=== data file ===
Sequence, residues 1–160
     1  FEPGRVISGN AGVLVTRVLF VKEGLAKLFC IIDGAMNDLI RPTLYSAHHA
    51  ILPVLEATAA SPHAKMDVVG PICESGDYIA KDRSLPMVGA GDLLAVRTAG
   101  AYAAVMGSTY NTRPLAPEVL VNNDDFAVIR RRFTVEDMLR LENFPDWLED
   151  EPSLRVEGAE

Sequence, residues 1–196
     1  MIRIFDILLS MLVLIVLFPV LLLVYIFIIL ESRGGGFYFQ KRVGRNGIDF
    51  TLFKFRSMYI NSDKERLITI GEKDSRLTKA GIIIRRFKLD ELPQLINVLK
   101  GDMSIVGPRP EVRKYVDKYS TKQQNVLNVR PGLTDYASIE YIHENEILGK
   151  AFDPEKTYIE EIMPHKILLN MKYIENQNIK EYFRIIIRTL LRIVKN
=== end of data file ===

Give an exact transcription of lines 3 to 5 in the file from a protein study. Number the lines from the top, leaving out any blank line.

    51  ILPVLEATAA SPHAKMDVVG PICESGDYIA KDRSLPMVGA GDLLAVRTAG
   101  AYAAVMGSTY NTRPLAPEVL VNNDDFAVIR RRFTVEDMLR LENFPDWLED
   151  EPSLRVEGAE